Prominent African-American journalist and news anchor Gwen Ifill died on Monday (14 November), Public Broadcasting Service (PBS) confirmed. She was 61.
Best known for moderating Washington Week — a weekly political discussion show — and The PBS NewsHour, Ifill had been diagnosed with cancer and had been on leave since May. She was also unable to cover last week's US-presidential election because of the health issues she faced.
The PBS anchor had moderated two vice-presidential debates as well as a Democratic primary debate in 2015. Ifill also hosted the primary debate between Hillary Clinton and Bernie Sanders in the same year.
Remembering her as a journalist's journalist, a PBS NewsHour executive producer said, "She has set an example for all around her".
"Gwen was a standard bearer for courage, fairness and integrity in an industry going through seismic change. She was a mentor to so many across the industry and her professionalism was respected across the political spectrum," executive producer of PBS's NewsHour, Sarah Just, said.
President Barack Obama has also offered his "deepest condolences" to her family and friends.
"She was a friend of ours, she was an extraordinary journalist, she always kept faith with the fundamental responsibilities of her profession," Obama said.
"I always appreciated Gwen's reporting even when I was on the receiving end of one of her tough and thorough interviews. Gwen did our country a great service," he added during a press conference on Tuesday.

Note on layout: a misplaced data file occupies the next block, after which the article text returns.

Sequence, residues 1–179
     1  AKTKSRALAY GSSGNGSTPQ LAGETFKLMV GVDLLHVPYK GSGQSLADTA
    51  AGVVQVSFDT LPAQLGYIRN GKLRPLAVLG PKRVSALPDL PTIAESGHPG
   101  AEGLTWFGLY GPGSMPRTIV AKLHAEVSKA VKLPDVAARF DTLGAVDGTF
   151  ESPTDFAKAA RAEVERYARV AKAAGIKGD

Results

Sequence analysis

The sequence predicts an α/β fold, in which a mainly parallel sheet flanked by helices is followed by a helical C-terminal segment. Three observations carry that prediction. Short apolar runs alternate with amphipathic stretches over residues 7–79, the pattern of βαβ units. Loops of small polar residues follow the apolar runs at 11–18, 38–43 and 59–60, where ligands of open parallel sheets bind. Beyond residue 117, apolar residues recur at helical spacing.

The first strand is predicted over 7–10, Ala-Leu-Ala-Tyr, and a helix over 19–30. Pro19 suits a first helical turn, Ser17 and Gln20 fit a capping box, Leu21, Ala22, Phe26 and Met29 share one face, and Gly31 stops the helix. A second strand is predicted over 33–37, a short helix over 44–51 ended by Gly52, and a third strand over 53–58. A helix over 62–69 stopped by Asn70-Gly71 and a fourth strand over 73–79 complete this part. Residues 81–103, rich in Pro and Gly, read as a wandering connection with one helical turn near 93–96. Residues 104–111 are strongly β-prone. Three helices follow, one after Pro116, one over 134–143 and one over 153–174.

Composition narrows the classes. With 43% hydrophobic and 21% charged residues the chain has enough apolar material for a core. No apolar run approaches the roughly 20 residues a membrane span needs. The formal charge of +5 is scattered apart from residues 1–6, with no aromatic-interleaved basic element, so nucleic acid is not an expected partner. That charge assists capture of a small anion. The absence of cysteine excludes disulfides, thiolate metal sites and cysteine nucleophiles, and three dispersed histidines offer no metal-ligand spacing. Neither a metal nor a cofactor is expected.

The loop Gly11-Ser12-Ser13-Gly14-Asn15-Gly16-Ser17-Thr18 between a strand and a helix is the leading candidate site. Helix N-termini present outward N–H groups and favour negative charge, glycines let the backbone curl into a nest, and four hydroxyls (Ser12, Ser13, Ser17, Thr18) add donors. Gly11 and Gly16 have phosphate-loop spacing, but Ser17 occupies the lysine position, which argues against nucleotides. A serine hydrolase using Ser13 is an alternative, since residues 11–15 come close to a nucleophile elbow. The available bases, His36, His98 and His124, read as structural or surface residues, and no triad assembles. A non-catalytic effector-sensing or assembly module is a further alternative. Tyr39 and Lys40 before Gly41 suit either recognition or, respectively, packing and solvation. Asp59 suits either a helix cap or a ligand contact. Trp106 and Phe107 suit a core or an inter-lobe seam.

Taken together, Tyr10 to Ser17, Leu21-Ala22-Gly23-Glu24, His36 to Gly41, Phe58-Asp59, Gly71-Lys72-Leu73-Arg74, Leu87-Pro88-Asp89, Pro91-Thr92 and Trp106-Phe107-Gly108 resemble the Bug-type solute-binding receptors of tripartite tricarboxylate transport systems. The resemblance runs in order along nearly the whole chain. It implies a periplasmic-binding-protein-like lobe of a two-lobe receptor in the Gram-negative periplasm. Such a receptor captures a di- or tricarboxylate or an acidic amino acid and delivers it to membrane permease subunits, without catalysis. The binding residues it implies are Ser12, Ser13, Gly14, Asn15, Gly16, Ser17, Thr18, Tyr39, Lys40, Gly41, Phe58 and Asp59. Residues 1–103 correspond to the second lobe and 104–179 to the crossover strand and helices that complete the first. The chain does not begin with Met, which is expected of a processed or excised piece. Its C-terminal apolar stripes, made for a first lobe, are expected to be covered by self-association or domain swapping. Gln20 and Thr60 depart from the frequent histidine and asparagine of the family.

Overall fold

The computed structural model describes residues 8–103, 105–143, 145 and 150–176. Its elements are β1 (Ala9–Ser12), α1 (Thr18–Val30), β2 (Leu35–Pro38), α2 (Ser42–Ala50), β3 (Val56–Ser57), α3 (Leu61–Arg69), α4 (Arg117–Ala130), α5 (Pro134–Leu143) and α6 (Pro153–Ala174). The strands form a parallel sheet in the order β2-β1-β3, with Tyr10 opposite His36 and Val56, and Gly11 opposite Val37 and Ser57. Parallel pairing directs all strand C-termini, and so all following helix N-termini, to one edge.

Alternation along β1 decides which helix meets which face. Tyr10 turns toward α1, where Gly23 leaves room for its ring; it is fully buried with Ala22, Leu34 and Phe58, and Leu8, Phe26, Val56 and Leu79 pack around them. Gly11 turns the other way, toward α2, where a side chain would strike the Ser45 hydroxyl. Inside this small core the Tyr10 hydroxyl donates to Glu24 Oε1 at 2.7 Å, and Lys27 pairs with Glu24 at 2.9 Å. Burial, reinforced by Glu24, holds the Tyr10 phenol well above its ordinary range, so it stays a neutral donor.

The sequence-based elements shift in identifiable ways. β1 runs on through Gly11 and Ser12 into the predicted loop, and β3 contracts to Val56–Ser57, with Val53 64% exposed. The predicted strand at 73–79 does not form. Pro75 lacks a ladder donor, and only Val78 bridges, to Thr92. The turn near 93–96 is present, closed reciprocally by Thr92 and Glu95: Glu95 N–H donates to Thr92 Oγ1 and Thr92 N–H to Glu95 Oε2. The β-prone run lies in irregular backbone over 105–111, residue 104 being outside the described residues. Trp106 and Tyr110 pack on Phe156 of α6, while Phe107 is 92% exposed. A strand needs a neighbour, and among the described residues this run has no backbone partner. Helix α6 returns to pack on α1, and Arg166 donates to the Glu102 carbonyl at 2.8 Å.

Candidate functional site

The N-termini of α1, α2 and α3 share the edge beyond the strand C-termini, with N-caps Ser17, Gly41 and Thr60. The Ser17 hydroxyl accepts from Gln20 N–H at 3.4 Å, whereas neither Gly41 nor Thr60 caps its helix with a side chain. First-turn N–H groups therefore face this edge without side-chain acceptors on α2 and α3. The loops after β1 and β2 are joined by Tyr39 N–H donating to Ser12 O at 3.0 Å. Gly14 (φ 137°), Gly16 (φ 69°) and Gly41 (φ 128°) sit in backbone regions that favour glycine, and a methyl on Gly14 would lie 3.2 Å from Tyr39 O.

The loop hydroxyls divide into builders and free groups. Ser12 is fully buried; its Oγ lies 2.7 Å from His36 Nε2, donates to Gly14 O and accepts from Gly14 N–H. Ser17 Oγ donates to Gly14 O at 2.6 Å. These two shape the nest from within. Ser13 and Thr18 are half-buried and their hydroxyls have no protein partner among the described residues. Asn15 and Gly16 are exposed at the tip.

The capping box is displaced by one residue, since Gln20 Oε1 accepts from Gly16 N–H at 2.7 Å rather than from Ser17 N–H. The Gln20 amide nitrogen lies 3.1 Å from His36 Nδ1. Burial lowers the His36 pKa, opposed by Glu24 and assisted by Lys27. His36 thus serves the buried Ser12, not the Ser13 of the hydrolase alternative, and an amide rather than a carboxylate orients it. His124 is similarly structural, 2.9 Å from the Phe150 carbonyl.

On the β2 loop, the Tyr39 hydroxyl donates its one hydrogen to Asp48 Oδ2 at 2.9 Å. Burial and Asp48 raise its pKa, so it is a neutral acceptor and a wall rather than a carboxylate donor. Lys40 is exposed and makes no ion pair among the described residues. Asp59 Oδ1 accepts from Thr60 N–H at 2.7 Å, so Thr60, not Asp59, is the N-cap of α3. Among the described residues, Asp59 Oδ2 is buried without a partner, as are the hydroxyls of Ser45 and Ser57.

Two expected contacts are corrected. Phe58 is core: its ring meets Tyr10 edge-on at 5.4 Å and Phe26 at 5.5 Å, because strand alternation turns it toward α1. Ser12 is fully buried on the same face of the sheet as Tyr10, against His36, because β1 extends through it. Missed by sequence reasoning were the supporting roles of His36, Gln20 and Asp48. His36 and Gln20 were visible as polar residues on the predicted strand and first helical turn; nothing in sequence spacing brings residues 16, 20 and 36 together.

She was the winner of the George Foster Peabody Award in 2008 for bringing Washington Week to live audiences across the country. Ifill wrote The Breakthrough: Politics And Race In The Age Of Obama in 2009, making her a best-selling author.
Paula Kerger, president and CEO of PBS, also paid tribute to the veteran journalist and said Ifill's "contributions to thoughtful reporting and civic discourse simply cannot be overstated".
"She often said that her job was to bring light rather than heat to issues of importance to our society. Gwen did this with grace and steadfast commitment to excellence," Kerger added.
A graduate of Boston's Simmons College, Ifill had received more than 20 honorary doctorates and worked as a print reporter for the Baltimore Evening Sun, the Boston Herald American, the Washington Post, and the New York Times before joining PBS.